September 18, 2006

5 Things to Eat Before Dining Up in The Sky

This is the second time I got tagged. And I haven't either shared my 5 things or tagged anyone else. Is it fair to just mention 5 things?? I've got more than 5, you see.

Oh, well... here they are:

1. My Mum's fried rice which smells and tastes heavenly delicious. It's a humble ordinary mixture of rice, dried anchovies and fried peanuts, accompanied by Palembangese fish crackers.

2. Creme brulee at French Cafe. They say it's heavenly creamy. Oh, God help me!

3. Anything what Gordon Ramsay cooks for dessert (I love desserts). He said that he takes care of desserts as much as meals.

4. Jasmine tea (well, we don't eat it, but I'd love to have a sip) which my late grandmother uses to brew it in a clay teapot for us when we came down to see her. I love the way she made it.

5. Chocolate truffles from every chocolate factory in the world with every flavour to taste.

Now, it seems I have to turn the wheels. Who's next?

Here they are:
Kevin of WannabeTVchef
budi of budiboga
Suburban Hippy

lovely sunday

I must admit that having Barbara and Bryan for lunch at home is an enjoyable moment in my life. A bit confused of what I should cook, but then after a few emails I could make a decision. Gladly, they were all enjoyed. Here are the recipes.

Coriander Chicken Roast with Peanut Sauce

I didn't take a picture of the version I served on Sunday, so I use an old one as I regularly cook it. The best thing to do is to use coriander seeds instead of the powder one as they'll give more flavour. I served this chicken with peanut sauce and coconut rice (rice steamed in coconut milk, adding ground coriander and a bay leaf), and sauteed vegies (sweet peas, carrots, spring onions, cabbages, and mung bean sprouts--just bring them together into a frying pan, dot a bit of butter, and a good sprinkle of garlic salt--don't cook them too long otherwise you won't get the crunchy bite).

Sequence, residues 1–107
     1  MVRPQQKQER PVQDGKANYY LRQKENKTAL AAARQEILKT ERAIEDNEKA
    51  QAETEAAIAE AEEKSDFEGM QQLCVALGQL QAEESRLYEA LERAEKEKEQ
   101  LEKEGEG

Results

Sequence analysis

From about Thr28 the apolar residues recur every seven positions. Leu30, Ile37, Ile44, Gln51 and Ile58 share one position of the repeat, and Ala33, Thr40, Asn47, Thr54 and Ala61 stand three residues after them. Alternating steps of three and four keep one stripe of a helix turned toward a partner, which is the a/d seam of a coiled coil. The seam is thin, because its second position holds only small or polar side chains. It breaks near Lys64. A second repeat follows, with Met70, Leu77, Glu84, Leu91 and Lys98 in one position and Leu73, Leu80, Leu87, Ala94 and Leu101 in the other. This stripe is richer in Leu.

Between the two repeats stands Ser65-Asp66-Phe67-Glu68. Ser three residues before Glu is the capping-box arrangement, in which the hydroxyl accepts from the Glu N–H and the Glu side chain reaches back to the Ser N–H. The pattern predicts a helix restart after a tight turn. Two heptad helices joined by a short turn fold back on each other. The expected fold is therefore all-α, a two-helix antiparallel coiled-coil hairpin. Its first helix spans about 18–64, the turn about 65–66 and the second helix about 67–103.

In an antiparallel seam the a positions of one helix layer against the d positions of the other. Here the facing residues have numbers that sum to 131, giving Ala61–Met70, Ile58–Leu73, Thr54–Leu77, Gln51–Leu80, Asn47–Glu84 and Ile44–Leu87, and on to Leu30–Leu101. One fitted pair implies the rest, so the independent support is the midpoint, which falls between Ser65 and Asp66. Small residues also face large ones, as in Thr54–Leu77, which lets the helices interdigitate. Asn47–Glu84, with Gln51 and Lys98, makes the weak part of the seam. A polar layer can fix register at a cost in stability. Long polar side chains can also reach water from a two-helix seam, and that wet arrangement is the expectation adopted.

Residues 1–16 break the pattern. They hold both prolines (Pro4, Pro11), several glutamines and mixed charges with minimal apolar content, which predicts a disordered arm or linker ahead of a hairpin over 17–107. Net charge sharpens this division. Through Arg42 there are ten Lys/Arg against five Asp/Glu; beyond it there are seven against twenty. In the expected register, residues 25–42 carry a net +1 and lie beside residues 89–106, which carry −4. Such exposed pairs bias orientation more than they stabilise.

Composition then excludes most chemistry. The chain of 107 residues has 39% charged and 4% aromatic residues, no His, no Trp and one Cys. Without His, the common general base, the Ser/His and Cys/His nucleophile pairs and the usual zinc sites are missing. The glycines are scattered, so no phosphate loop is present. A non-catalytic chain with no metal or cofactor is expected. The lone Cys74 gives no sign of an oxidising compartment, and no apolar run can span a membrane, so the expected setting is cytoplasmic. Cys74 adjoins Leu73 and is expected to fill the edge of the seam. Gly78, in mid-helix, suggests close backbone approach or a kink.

1.5kg whole chicken (free-range is the best!)
2 Tbs coriander seeds
1 tsp sea salt
3-5 (depends on how strong the flavour you want) cloves garlic
1 tsp tamarind paste, diluted in 2 Tbs warm water

Basting sauce:
2 Tbs salted butter,
2 Tbs sweet soy sauce
(Mix the ingredients)

Clean the chicken, trim any excess. You can butterfly them as figured in the picture, or cut them up into 4 portions (each wing with half of breast that'll make 2 pieces, then legs). This will cut the roasting time. Pat the chicken with paper towel. Put them in a big bowl. Pour the tamarind water onto the chicken pieces, let it rest for a while. Meanwhile, grind the coriander seeds, sea salt, and garlic with your mortar and pestle, then message this mixture all over the chicken pieces. Let it rest for at least 30 minutes. Preheat the oven to 160C, put the chicken in a roasting dish, cover with foil, and roast for about 20 minutes. Remove the foil, increase the temperature to 180C, keep basting the chicken with the basting sauce. Bake for further 1 hour or until the chicken is tender and cooked through.

Peanut Sauce
I just wanted to be quick, so I used peanut butter instead of blended the roasted peanuts into the food processor. You can use 300g to 500g roasted peanuts and 5 roasted garlic cloves for full flavour of the sauce (traditionally, peanut sauce is ground together with other ingredients until thick, then will be diluted into a certain consistency for serving).

2 cups peanut butter
1 cup sweet chilli sauce (for hotter version, use fresh chilli birds or red chillies)
3 roasted garlic cloves, mashed